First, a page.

Sri Lanka sends two ministers to Russia for oil amid crisis
Sri Lanka is sending two ministers to Russia to negotiate for fuel – one of the necessities that the Indian ocean island nation has almost run out of amid its ongoing economic crisis.
Power and Energy Minister Kanchana Wijesekera said two ministers are scheduled to leave for Russia on Monday to continue in person talks that Sri Lanka has been having with Russian authorities to directly purchase fuel, among other related issues.
He urged people Saturday not to line up for fuel, saying new shipments would be delayed due to “banking and logistics reasons.”
He said limited stocks of fuel will be distributed to limited stations throughout next week. He said until the next shipments arrive, “public transport, power generators and industries will be given a priority.”
Residents have had to queue for hours and sometimes days to get fuel, sometimes resorting to burning charcoal or palm fronds for cooking.
Wijesekera’s comments come while a high-level U.S. delegation is visiting Sri Lanka, seeking ways to help the island nation cope with an unprecedented economic crisis and severe shortages of essential supplies.
Since Russia’s invasion of Ukraine in late February, global oil prices have skyrocketed. While Washington and its allies are trying to cut financial flows supporting Moscow’s war effort, Russia is offering its crude at a steep discount, making it extremely enticing to a number of countries.
Like some other South Asian nations, Sri Lanka has remained neutral on the war in Europe.
However, Wijesekera said the foreign ministry and the Sri Lankan ambassador in Russia have been making arrangements for a fuel sale.
“There is an advantage for us if we cold buy oil directly from the Russian government or the Russian firms. There are talks going on,” he told reporters Sunday.
The shortages have led to protests against the government, recently to demand fuel.
Sri Lanka says it’s unable to repay $7 billion in foreign debt due this year, pending the outcome of negotiations with the International Monetary Fund on a rescue package. It must pay $5 billion on average annually until 2026. Authorities have asked the IMF to lead a conference to unite Sri Lanka’s lenders.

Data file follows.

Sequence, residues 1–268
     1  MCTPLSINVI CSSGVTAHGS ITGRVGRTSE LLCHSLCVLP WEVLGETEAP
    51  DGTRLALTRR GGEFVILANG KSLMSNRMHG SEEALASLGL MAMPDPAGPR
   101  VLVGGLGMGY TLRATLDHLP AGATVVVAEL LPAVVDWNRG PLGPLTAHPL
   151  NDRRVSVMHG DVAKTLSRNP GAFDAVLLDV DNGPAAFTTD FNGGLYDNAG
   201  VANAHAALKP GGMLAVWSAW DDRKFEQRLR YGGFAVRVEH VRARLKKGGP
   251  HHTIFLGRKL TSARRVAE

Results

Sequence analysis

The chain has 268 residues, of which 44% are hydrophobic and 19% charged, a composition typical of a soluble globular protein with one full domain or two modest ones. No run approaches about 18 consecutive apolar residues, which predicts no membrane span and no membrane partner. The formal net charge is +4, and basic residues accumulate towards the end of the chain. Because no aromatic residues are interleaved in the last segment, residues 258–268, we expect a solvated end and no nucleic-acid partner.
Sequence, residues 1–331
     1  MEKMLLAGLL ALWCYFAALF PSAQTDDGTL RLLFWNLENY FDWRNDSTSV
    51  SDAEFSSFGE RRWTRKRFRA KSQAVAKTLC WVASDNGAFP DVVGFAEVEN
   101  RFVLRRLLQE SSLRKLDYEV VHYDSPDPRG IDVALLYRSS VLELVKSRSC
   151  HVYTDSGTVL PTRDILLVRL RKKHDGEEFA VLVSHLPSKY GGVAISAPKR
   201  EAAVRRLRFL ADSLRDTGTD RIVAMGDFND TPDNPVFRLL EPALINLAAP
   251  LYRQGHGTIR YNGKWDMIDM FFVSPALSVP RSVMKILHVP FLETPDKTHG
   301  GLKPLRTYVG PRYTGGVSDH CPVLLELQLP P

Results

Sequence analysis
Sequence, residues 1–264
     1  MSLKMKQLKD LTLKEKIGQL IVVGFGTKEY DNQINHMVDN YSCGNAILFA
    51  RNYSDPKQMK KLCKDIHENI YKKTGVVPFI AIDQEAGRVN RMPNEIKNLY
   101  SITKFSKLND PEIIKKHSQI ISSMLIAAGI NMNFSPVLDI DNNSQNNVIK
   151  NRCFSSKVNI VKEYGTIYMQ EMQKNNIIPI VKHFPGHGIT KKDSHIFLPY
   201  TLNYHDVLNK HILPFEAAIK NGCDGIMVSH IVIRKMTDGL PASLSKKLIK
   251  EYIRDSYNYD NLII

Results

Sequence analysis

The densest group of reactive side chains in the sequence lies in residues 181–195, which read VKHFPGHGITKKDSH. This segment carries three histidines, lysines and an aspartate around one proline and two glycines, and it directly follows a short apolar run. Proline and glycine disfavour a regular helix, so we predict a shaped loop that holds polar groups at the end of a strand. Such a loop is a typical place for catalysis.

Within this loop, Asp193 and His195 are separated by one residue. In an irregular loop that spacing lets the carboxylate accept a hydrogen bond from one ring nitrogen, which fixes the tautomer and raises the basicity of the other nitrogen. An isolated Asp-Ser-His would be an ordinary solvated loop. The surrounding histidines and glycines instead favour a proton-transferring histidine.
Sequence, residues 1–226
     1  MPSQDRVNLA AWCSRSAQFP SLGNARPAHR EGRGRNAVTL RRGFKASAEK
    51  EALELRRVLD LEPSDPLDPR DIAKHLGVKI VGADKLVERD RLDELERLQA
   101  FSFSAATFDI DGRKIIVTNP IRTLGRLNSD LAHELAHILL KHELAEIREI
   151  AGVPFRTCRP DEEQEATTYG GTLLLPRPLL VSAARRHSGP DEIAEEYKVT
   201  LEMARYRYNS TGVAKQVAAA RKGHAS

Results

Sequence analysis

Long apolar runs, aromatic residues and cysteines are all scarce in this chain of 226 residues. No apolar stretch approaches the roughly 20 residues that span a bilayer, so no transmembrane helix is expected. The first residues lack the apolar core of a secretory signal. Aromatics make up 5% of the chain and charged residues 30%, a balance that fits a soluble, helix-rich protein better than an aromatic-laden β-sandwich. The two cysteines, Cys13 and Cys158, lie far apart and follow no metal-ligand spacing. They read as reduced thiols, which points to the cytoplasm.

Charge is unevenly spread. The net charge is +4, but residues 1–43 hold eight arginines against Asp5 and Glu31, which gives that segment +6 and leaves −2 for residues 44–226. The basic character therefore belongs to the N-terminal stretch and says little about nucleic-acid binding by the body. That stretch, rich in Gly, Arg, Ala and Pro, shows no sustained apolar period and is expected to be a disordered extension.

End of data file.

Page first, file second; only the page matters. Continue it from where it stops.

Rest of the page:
Last month, the country bought a 90,000-metric-ton (99,000-ton) shipment of Russian crude to restart its only refinery, Wijesekera said.
In an interview with the Associated Press in mid-June, Prime Minister Ranil Wickremesinghe said Sri Lanka would be compelled to buy oil from Russia, adding that his country desperately needs fuel, and was trying to get oil and coal from the country’s traditional suppliers in the Middle East.
“If we can get from any other sources, we will get from there. Otherwise (we) may have to go to Russia again,” he said.
Wickremesinghe also said last week that the state-run Ceylon Petroleum Corporation was $700 million in debt and as a result, no country or organization was willing to provide fuel.
Protesters have occupied the entrance to President Gotabaya Rajapaksa’s office for more than two months demanding his resignation, saying the primary responsibility for the crisis rests with him and his family, whom they accuse of corruption and mismanagement.
The U.S. delegation led by Robert Kaproth, deputy assistant secretary of the Treasury for Asia, and Kelly Keiderling, deputy assistant secretary of state for South and Central Asia, began its visit Sunday and is scheduled to meet top Sri Lankan officials during their stay until Wednesday.
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